Windows: What do I want to see as default browser

Windows: What do I want to see as default browser 1

Why Did I bother with it at all?

As I wrote before it is more convenient and secure to have something small, fast and feature limited as your default browser (valid decision for all OSes out there).
Well times go by and nice small Qtweb got outdated with development on it stopped about 6 years ago and new standards (namely SSL/TLS) and new vulnerabilities came out, so I decided

to switch to Falkon – another lightweight Qt based browser with more-less active development and modern features. All was just fine until I’ve discovered one rather unpleasant feature – if Falcon browser crashes it closes the window but the process stays in memory, not just 1 process but whole bunch of processes – one per tab and tab processes are unkillable individually the only way to terminate it is to stop parent process. So, Falcon had to go – I could live with not perfect rendering, and not so short startup but not freeing RAM after crash was final straw – Falcon had to go too.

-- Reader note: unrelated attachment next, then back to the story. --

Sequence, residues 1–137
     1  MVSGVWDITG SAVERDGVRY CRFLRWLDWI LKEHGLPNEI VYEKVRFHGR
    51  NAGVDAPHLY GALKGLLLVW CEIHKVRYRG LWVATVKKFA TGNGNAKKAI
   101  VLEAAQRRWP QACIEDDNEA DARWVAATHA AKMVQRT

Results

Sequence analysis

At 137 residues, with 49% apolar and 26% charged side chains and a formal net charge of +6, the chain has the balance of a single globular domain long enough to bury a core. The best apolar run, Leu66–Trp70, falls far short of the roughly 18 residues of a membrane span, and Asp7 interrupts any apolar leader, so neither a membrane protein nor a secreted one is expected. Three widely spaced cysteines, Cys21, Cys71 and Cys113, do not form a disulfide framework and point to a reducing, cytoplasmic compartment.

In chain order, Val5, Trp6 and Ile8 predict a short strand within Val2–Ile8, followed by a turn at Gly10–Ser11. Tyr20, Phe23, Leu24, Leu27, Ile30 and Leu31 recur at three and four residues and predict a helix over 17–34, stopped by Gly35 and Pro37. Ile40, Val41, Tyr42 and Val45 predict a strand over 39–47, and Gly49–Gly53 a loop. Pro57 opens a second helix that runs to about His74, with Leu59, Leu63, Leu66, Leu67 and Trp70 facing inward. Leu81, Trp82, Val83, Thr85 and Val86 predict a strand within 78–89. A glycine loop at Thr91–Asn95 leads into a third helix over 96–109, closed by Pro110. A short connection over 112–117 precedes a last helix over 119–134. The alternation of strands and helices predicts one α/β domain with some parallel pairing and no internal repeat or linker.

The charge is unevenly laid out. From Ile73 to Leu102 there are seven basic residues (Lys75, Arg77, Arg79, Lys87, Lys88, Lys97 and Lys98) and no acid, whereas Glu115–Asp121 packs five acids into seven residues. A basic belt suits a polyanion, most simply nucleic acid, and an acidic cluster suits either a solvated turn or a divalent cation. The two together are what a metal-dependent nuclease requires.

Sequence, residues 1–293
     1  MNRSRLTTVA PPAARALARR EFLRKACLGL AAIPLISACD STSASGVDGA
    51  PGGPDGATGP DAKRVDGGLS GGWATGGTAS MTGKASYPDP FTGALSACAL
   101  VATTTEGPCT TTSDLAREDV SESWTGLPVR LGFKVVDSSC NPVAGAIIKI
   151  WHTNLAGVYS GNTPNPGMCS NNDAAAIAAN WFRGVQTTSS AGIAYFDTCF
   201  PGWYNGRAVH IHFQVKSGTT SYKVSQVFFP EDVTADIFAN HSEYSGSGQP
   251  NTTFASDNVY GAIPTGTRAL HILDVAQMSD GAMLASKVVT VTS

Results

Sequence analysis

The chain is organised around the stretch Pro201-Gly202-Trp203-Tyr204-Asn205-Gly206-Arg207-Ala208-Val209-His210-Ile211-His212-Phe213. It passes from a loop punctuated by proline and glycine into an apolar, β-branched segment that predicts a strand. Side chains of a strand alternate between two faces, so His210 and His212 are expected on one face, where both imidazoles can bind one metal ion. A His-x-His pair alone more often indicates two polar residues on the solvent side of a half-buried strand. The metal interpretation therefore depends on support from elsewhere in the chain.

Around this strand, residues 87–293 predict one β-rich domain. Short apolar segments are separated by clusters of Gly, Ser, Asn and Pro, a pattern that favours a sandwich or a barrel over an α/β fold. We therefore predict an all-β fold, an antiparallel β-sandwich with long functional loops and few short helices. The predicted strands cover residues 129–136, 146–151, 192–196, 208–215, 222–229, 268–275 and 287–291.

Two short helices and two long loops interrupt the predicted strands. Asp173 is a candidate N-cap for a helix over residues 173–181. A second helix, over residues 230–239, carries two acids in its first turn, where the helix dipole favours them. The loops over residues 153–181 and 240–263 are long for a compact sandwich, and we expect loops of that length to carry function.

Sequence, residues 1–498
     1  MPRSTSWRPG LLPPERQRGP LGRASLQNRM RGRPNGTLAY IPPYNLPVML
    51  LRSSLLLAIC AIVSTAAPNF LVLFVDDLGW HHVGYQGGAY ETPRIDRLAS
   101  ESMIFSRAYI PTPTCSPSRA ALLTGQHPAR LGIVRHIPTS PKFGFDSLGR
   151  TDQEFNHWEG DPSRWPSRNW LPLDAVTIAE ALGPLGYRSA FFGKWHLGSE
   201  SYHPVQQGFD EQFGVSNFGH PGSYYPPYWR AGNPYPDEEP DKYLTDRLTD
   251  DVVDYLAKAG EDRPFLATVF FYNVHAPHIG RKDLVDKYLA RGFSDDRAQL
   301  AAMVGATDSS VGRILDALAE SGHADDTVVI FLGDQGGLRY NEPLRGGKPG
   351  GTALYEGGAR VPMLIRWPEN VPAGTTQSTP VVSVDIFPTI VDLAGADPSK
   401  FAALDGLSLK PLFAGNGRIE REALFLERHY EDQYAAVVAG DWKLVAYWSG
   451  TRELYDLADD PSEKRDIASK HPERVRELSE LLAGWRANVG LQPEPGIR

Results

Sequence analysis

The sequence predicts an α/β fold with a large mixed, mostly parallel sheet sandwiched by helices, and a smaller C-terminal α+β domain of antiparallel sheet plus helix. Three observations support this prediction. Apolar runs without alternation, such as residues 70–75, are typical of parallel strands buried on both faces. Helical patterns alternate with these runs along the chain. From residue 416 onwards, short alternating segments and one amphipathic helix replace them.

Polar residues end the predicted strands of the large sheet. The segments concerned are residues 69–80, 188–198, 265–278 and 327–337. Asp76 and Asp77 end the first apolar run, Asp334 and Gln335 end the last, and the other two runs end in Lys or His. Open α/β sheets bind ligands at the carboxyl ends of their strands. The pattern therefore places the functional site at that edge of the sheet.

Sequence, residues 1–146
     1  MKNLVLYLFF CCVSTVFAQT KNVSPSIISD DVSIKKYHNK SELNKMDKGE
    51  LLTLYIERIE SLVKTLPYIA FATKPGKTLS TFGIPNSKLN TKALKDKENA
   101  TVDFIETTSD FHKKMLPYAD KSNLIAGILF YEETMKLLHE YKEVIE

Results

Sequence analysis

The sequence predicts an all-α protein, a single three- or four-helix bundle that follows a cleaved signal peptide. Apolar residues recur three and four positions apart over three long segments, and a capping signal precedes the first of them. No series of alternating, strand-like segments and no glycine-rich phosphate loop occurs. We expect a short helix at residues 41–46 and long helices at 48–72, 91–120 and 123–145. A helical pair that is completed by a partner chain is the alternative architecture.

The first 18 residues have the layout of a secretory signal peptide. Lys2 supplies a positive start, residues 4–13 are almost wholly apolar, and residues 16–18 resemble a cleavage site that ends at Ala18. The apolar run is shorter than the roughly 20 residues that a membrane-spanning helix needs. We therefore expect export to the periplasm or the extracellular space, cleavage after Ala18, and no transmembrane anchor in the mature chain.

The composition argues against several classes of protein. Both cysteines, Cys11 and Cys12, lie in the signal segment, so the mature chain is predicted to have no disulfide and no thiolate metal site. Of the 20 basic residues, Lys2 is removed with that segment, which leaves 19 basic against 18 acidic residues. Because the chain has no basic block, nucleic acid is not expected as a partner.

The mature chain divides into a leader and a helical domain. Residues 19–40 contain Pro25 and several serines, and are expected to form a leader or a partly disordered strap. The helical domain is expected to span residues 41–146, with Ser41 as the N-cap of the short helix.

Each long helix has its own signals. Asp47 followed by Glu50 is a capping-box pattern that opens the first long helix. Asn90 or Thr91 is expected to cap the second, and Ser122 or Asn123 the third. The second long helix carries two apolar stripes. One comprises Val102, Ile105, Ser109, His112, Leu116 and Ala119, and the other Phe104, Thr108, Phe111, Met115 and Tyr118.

Now all I have left is mainstream big 3 – Google Chrome, Mozilla Firefox and Opera and small few – Palemoon, New Moon, Seamonkey, Vivaldi.

Selection criteria

The Testing is simple but pretty through.

  • Conformity – CSS rendering Acid3 test, HTML5 features – just to see what they have. None passed Acid3, even all powerful Google Chrome can do only 98 (with 100 as perfect score on CSS rendering). On topic of HTML5 everyone are doing ok.
  • Stress/benchmark/resource consumption – Basemark rather simple test, and possibly peacekeeper test still available in somewhat crippled form, but no longer supported. There were dragons and tygers – some of the contestants did not survive – specifically with the free system RAM under 2Gb, Palemoon and New Noon crashed on test 4, Firefox ESR can not do WebGL test and has under 200 final score. Not to mention startup time for it. Oh well, didn’t like Palemoon dev team attitude towards OSS projects anyway and Newmoon didn’t seem to be stable enough to begin with. Seamonkey is the monstrosity with does “a lot of things and most of them poorly” and Vivaldi is concentrating on visual presentation rather then performance and compatibility.

Final decision

Long story short, I’ve decided to set Opera as my default browser. Not very popular, but fast and compatible with most extensions I use. With the rumors of Google plans to severely cripple adblocking API, which is not surprising at all given that web ads is their main business. Sapienti sat.
In my good tradition I’ll keep Opera portable install and configure it as default browser.

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